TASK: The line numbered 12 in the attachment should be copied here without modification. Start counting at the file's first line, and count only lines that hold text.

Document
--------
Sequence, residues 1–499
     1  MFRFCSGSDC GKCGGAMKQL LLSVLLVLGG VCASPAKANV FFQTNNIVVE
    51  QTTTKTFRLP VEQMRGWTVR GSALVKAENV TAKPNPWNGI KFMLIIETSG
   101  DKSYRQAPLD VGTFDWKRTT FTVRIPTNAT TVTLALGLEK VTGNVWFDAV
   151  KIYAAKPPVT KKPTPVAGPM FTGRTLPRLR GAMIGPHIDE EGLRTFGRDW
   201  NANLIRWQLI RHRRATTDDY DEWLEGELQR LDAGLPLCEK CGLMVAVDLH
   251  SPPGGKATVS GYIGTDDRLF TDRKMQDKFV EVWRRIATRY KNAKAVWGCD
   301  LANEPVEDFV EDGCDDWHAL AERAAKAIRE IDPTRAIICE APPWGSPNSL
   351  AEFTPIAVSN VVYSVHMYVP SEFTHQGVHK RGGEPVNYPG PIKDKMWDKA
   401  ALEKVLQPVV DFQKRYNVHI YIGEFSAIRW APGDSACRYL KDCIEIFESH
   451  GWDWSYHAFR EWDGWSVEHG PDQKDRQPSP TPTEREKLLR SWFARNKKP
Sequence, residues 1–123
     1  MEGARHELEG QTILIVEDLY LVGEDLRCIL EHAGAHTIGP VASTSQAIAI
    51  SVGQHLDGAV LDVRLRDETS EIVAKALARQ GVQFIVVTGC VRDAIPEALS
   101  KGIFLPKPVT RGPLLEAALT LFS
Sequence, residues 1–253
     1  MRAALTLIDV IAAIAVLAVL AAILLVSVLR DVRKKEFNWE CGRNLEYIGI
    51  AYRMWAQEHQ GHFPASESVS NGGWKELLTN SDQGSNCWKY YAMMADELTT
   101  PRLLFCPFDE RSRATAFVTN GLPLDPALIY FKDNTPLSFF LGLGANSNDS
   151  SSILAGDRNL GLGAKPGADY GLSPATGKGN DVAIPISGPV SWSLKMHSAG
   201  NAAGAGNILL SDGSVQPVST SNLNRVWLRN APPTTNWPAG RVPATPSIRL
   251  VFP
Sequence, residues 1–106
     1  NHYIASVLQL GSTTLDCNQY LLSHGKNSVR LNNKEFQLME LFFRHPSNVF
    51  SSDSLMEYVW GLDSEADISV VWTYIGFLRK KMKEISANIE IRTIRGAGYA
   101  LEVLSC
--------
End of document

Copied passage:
Sequence, residues 1–123